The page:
Day Ten: Birds and Monkeys!
This was my absolute favorite day of the trip so far. This morning we continued along the Garden Route on our way to Tsitsikamma National Park. First, however, we had some stops planned: two spectacular animal sanctuaries where birds and monkeys who were rescued from dangerous or unhealthy situations can live again in their natural environments. The parks feed them but only because the animals are used to humans feeding them and wouldn’t be able to survive on their own in the wild. They do not have cages and roam freely.
The first sanctuary was called Birds of Eden, which is the world’s largest free flying aviary. It covers over two hectares and the netting is so high you can barely see it. Basically, although I don’t really know how much a hectare is, the birds have a lot of room to fly around. It was absolutely spectacular. Whoever came up with the idea of putting all of the world’s most stunning bird species together in this giant aviary is a genius! I basically walked around the walkways for several hours with my mouth wide open.
It was hard to move quickly through the park because you didn’t want to miss one of the exotic and unusual birds sitting on the railing, hiding in the bushes, or perched directly above your head on a branch. We were so close to so many rare birds eating seeds off the birdfeeders near the path and frolicking around on the forest floor.
I had never really taken much notice in birds, but after our trip to the Pantanal two years ago, I really gained an appreciation for their beautiful colors and sounds. A highlight for me at the aviary happened as I was walking around a pathway in the forest all by myself. Jon had gone on to photograph something or other. A giant blue heron, taller than me, passed me going around the corner, strutting down the path. I gasped at his size and beauty and how close he was to me. He was amazing! I loved my visit to Birds of Eden, and even though it wasn’t the wild, it really felt like it because the birds were in their natural habitat enjoying their lives.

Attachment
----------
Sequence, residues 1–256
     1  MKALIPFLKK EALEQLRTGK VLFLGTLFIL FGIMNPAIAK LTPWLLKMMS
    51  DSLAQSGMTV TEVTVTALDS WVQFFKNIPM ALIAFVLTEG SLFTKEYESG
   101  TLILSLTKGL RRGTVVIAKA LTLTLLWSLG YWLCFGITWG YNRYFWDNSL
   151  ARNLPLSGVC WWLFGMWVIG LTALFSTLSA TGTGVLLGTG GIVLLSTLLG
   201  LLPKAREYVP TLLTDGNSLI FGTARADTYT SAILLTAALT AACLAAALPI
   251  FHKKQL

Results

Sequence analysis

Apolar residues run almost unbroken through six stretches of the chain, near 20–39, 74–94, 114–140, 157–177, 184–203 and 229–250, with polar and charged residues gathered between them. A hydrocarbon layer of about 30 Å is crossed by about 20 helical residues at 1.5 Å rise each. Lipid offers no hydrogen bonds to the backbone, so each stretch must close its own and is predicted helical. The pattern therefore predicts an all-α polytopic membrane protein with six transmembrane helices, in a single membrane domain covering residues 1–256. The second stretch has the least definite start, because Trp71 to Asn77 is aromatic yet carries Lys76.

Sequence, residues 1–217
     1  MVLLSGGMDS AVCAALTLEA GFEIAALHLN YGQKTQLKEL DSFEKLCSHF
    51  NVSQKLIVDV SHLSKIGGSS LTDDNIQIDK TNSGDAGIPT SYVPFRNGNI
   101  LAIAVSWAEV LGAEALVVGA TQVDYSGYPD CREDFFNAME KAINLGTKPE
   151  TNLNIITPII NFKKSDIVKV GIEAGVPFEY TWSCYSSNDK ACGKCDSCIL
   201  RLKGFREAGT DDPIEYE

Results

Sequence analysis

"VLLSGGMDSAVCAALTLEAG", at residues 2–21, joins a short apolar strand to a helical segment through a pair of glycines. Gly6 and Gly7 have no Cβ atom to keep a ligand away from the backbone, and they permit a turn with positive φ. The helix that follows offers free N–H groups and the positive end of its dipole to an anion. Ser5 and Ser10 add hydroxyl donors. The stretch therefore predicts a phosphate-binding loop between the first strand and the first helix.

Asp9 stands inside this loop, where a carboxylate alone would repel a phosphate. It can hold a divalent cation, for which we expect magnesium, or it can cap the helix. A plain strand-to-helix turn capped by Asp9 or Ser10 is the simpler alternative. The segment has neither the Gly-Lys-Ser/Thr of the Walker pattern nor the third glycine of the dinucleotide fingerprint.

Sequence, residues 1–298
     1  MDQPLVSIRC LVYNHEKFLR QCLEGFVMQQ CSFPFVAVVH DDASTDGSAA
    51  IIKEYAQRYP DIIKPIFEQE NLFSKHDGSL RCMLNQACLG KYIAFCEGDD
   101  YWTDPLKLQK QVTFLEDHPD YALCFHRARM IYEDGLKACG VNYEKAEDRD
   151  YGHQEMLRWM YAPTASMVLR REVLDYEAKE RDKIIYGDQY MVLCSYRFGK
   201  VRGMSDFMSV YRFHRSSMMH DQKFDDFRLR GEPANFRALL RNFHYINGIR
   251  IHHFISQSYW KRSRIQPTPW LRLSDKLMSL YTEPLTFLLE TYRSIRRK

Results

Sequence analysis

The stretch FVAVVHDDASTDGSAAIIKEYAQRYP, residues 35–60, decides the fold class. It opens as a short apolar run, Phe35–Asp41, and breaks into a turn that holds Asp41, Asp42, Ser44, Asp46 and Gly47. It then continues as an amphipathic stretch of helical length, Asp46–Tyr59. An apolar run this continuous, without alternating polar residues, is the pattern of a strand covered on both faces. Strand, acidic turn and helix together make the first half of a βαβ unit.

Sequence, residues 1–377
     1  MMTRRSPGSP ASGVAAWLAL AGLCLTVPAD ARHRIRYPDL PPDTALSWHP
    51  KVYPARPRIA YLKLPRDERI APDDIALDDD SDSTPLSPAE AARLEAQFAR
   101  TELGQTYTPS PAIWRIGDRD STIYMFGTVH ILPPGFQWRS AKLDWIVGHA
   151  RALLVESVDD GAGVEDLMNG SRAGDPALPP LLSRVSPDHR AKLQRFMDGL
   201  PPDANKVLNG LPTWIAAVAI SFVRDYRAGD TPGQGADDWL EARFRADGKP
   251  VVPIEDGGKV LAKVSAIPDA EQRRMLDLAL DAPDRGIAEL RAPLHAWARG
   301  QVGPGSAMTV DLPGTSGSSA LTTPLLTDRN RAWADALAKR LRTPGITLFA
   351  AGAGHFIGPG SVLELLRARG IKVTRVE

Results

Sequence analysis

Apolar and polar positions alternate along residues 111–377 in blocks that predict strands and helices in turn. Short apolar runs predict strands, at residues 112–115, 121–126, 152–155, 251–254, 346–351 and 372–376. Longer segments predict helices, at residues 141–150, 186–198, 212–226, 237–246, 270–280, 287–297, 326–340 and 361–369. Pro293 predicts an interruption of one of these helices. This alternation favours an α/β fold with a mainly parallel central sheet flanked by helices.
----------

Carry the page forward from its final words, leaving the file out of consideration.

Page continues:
We also had planned to visit the monkey sanctuary, owned by the same people as the aviary. However, we really needed to take a break first (Animal Overload) so we headed to a small winery nearby for lunch. South Africa has over 350 wineries in total so there always seems to be a convenient location of one nearby… Bramon Wine Estate was interesting because they serve a bunch of different small tapas type dishes and we chose some good ones including the fig, goat cheese, and walnut salad, as well as the sweet and sticky chicken wings, and the melted brie cheese in phylo dough. Although we didn’t quite love their “award winning” Chenin Blanc, in fact, we had the server come back out because we thought the bottle had gone bad… the food was yummy and the atmosphere was great. Each picnic table is set amongst its own row of vines so you get a sense of seclusion.
After lunch we geared up to see some monkeys. Although I didn’t really care for the name of the monkey sanctuary, Monkeyland, because it sounds a bit like a theme park, I really did love my visit there as well. The beginning was a little frightening though. It took a while for us to get used to being close to all those monkeys. In order to get to the furry creatures, you have to walk through several different fences and gates because they don’t want the monkeys escaping. At the café inside the gates, I noticed no one was sitting outside, and then I also noticed the giant sign that said “Beware of monkeys stealing food.” Well, we waited for our guide outside the café with another family of tourists from Scandinavia and watched the scene around us. Suddenly we heard this loud squealing and all the monkeys swung themselves over to the corner of the picnic area where a monkey had successfully stolen a bag of potato chips from a little girl and was now attempting to flee back into the forest with the chips and what seemed like all the monkeys in the sanctuary were in hot pursuit.